Religion Today Column for Week of Sept. 29 Oct. 5
(Religion Today is contributed by the University of Wyoming's Religious Studies Program to examine and to promote discussion of religious issues.)
The 1925 Scopes Monkey Trial: Still with Us Today
William Missouri Downs
In March of 1925, the Tennessee legislature passed the Butler Act, which made it unlawful for university professors or public school teachers "to teach any theory that denies the story of divine creation as taught by the Bible." The law stated that the guilty could be fined not less than $100 nor more than $500. This was a fairly large sum, for the average pay for a Tennessee schoolteacher in 1925 was only $634 a year.
A few months later the famous Scopes Monkey Trial began when John Scopes, a science teacher and part time football coach, was charged with teaching evolution. William Jennings Bryan, the great orator and three time presidential candidate (the Billy Graham of his day), and Clarence Darrow, the great lawyer and agnostic, went head to head in a small Tennessee courtroom. For eight days the tiny town of Dayton became an amusement park, revival meeting and international media event. The trial inspired the 1955 play and 1960 movie "Inherit the Wind."
Scopes was found guilty and Tennessee later revoked the Butler act, but this was by no means the end of the story. The issues of the case (including separation of church and state, academic freedom, the tensions between religion and science, and the answer to the question: can a Christian believe in evolution?) are as pertinent today as they were in 1925.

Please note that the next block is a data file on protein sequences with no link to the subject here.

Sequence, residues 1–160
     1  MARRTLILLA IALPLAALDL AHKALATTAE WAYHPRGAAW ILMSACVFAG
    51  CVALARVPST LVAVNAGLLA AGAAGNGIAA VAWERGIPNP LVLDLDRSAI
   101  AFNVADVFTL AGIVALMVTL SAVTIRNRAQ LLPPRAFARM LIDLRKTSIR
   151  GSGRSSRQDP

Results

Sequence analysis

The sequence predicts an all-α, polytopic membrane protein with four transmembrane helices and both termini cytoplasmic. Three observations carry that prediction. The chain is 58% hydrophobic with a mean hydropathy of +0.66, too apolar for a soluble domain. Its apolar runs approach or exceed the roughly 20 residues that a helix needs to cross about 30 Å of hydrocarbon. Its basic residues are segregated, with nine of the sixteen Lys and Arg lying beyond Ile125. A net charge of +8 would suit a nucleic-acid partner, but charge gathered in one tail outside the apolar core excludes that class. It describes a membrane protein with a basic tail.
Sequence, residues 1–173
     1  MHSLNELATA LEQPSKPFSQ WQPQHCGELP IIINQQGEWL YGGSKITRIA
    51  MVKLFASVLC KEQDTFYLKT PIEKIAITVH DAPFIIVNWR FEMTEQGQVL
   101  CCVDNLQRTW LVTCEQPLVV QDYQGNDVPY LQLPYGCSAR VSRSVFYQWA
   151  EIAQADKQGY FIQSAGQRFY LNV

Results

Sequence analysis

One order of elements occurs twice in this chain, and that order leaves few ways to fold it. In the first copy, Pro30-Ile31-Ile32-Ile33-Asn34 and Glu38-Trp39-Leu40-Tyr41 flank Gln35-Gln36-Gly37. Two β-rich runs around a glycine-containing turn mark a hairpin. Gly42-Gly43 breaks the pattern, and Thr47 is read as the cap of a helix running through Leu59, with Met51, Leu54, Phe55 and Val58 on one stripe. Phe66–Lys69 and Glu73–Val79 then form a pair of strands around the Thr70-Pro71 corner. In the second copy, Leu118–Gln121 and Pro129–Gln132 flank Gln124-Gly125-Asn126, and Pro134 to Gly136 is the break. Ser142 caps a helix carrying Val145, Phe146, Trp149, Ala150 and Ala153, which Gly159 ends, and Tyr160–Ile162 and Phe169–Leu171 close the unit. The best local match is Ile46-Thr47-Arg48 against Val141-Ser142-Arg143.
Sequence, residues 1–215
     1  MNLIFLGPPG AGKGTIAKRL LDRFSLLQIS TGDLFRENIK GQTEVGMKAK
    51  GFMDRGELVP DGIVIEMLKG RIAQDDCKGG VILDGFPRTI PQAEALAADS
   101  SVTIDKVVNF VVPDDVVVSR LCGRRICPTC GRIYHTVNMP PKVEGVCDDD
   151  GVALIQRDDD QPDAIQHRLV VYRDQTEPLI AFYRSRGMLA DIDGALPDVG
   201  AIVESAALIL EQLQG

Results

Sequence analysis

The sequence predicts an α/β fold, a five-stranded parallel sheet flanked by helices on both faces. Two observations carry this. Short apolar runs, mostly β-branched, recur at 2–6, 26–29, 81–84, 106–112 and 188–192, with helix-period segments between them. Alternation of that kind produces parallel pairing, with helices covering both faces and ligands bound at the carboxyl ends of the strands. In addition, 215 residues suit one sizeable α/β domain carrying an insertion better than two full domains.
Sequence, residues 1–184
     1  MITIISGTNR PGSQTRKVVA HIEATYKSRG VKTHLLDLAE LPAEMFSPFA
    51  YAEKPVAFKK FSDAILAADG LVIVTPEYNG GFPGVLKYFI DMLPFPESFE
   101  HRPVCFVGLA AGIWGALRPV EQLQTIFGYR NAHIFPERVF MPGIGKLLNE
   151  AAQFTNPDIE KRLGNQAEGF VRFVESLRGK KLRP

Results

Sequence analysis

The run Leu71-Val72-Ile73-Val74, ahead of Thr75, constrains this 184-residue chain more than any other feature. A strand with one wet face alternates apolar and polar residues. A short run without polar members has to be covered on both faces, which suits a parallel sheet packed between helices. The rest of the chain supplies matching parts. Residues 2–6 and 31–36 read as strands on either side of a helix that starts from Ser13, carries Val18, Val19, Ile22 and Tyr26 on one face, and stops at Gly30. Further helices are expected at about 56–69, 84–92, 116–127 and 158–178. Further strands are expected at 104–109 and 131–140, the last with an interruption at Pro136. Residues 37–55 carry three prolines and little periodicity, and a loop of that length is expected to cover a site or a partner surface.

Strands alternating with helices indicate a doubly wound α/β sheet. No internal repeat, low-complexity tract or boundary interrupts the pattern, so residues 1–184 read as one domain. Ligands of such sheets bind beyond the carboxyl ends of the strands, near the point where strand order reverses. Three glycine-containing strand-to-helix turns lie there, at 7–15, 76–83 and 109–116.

A recent survey published in Scientific American stated that 45 percent of Americans believe God created the Earth in the past 10,000 years. There have been numerous lawsuits and much legislation to reduce or stop the teaching of evolution. One of the most famous was in 1999, when the Kansas state school board decided that teachers did not have to teach evolution. It was not just evolution that disappeared from the list of topics young Kansans were expected to learn, however, but also the "Big Bang" and all references to the age of the Earth itself. The decision was later reversed.
In 1962, 40 years after the trial, Mr. Scopes said, "I believe that the Dayton trial marked the beginning of the decline of fundamentalism ... I feel that restrictive legislation on academic freedom is forever a thing of the past, that religion and science may now address one another in an atmosphere of mutual respect and of a common quest for truth." Have Mr. Scopes' thoughts come true? Is evolution given respect in our quest for truth?
In 2000, the Fordham Foundation published an appraisal of state science standards. That report gave 12 states a failing grade when it came to teaching evolution: Alabama, Florida, Georgia, Maine, Mississippi, New Hampshire, North Dakota, Ohio, Oklahoma, Tennessee, West Virginia, and Wyoming. Draw your own conclusions.
William Missouri Downs teaches theatre at the University of Wyoming. From Oct. 8 13, the Department of Theatre and Dance will stage a new play based on the actual transcripts of the Scopes Monkey Trial. For tickets call (307) 766 6666.
Posted on Thursday, September 26, 2002